What caught my eye this week.
Fancying that you’re living at the end of progress is a recurring human failing. Think of the Roman cartographers who didn’t put anything on their maps west of Britannia, the IBM president who in the 1940s thought the world would need five computers, or the bonce who wrote The End of History.
Investors are no different. How many of us believe we’re marching ever upwards to a future inevitably dominated by index funds?
The secret is out, and money is flowing out of active funds and into trackers. What could possibly stop Vanguard ruling the world? Even I did a victory lap to that end to mark the death of index fund pioneer Jack Bogle last month.
Yet the same technology that makes it so cheap for Vanguard to run its index funds (hint, it has more than five computers) could also be their undoing.
In an op-ed for Investment News, Joshua Levin argues that:
In the next few years, the entire rationale for investing via funds will dissolve.
Advances in technology have transformed industry cost structures. Absent the need to pool assets for volume discounts, advisers and relationship managers can skip the one-size-fits-all cookie-cutter vehicles.
Instead, financial advisers will use software to truly customize portfolios, resulting in a more engaged and loyal client base.
It’s not the first time I’ve heard such talk. For instance robo-adviser platforms are exploring similar tactics in the US to eek out additional returns from tax loss selling.
I have some sympathy for this fund-less vision – and certainly a lot of curiosity.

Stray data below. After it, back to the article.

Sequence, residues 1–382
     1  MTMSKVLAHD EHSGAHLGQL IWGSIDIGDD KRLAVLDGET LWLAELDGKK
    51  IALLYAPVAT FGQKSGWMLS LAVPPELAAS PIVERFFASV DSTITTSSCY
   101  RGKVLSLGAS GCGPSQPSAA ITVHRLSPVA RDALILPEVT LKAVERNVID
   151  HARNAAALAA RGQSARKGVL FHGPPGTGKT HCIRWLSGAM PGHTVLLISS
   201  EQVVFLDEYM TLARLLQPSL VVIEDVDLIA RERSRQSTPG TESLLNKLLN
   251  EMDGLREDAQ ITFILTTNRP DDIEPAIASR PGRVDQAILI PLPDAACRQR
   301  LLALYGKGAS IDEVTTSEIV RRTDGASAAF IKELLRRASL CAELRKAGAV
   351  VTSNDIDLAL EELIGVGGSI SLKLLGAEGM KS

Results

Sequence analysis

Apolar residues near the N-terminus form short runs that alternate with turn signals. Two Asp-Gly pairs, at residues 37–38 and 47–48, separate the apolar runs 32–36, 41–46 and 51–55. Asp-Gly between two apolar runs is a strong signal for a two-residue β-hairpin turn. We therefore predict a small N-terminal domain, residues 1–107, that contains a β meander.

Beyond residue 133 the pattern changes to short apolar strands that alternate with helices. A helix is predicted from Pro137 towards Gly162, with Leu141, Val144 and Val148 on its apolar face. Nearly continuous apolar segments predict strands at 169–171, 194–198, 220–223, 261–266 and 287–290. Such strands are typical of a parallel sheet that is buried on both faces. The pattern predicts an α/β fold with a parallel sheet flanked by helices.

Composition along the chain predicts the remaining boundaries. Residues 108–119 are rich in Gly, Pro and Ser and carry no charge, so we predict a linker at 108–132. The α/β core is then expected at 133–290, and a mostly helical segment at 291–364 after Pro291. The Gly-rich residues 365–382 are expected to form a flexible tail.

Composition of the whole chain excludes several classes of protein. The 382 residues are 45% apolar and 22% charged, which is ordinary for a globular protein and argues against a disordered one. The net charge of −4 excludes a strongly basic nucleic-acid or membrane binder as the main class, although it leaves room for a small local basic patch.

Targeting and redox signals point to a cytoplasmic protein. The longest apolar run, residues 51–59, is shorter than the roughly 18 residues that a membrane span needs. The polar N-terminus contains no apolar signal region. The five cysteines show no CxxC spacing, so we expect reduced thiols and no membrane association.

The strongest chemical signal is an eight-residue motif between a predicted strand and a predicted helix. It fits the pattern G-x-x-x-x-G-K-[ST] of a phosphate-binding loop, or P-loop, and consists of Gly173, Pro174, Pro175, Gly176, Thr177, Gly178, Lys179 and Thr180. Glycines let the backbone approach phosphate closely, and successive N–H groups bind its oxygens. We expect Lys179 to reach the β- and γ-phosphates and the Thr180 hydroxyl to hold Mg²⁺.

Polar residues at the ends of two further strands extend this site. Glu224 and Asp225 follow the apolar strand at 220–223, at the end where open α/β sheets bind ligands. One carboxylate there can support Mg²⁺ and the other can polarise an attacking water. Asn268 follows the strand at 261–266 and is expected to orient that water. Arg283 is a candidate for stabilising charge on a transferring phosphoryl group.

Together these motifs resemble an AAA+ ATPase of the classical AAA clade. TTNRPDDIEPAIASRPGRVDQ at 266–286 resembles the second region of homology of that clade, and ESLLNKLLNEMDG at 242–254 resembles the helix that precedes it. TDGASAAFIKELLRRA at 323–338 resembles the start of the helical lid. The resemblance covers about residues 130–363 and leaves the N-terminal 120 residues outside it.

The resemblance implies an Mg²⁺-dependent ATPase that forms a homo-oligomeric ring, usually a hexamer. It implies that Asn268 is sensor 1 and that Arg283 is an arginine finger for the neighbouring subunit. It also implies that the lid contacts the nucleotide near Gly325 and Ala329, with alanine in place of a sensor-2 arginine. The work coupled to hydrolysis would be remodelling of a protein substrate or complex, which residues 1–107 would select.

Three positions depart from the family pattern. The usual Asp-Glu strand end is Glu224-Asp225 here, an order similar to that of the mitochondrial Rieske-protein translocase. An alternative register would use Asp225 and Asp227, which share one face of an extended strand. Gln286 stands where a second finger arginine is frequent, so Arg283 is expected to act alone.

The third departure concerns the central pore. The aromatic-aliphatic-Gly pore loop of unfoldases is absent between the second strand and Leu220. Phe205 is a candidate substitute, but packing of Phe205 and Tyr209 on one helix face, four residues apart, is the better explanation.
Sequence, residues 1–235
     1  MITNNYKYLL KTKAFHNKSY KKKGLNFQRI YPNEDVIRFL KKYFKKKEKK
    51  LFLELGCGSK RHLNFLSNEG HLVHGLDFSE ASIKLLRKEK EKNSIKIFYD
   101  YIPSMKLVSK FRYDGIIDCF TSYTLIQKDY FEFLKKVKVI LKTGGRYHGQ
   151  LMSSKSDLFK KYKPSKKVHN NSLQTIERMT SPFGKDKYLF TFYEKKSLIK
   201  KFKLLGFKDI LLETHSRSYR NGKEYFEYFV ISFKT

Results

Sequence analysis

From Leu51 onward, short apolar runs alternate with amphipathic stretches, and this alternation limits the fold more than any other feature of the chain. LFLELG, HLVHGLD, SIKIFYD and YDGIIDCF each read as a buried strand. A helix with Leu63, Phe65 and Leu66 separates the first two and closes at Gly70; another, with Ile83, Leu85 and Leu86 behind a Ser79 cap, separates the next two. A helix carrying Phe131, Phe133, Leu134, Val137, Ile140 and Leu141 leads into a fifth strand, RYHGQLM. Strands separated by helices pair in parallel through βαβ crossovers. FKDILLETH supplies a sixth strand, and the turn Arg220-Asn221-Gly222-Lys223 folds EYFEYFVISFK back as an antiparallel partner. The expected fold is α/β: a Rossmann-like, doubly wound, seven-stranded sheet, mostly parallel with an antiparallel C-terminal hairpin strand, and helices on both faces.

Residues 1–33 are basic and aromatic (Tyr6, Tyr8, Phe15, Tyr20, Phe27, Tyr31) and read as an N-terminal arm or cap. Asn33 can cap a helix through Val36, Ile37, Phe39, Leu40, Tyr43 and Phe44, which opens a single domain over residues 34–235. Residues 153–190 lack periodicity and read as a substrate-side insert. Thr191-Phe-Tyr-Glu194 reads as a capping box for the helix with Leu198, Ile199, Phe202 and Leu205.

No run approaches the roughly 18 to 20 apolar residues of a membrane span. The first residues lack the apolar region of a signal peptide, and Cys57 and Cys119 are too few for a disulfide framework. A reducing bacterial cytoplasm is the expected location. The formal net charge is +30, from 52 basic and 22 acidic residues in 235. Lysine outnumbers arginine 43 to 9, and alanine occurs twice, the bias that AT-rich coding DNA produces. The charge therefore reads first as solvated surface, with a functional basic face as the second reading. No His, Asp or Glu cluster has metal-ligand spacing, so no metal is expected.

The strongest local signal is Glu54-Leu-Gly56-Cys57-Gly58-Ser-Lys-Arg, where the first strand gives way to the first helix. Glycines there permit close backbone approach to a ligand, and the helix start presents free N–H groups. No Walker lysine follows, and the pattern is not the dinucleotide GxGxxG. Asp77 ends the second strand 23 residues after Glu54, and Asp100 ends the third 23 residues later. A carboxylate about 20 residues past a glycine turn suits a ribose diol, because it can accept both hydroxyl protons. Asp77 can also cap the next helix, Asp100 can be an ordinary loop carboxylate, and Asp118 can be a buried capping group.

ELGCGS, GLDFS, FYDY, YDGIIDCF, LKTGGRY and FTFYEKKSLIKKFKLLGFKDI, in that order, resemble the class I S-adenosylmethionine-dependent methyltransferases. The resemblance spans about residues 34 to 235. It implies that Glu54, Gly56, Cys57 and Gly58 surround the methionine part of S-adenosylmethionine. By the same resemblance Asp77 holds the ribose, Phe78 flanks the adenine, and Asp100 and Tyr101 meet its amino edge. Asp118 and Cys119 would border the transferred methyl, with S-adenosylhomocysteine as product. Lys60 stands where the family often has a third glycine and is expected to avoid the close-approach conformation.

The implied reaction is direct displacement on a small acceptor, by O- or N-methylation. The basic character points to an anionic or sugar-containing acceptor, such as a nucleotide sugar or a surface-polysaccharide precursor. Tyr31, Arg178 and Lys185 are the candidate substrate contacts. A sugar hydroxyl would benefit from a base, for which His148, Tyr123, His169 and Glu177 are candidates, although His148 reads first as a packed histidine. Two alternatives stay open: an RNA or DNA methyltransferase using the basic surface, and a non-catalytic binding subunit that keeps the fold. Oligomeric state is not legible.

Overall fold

But it’s notable that the platform Levin works for is focused on socially responsible investing.
Nothing wrong with that. However as a guest post on the Epsilon Theory blog pointed out in an unrelated article this week, ethical investing is being seen by some active managers and advisors as a way to reinvent active management for a new breed of customer.
And a handy side effect is they can keep their jobs and higher fees:
This is an admittedly clever strategy. At least in theory, it moves the conversation away from fees and performance.
Now we’re talking values.
‘Cause if performance is pretty decent, and the fees are reasonably competitive, wouldn’t you rather have a portfolio aligned with your values? Isn’t the alignment of your investment capital and your values worth it?
Don’t you want to make a difference?
Watch this space. And don’t write history off too soon!
Important note: We have republished Tuesday’s article: ‘Who are you KID-ing? Understanding the ongoing charge figure of an investment trust. The first version had a big error in how total charges were calculated. (We were led astray by a miscommunication). Please re-read! – Monevator
From the archive-ator: Admit it, you miss the market meltdown – Monevator
Note: Some links are Google search results – in PC/desktop view you can click to read the piece without being a paid subscriber. Try privacy/incognito mode to avoid cookies. Consider subscribing if you read them a lot!1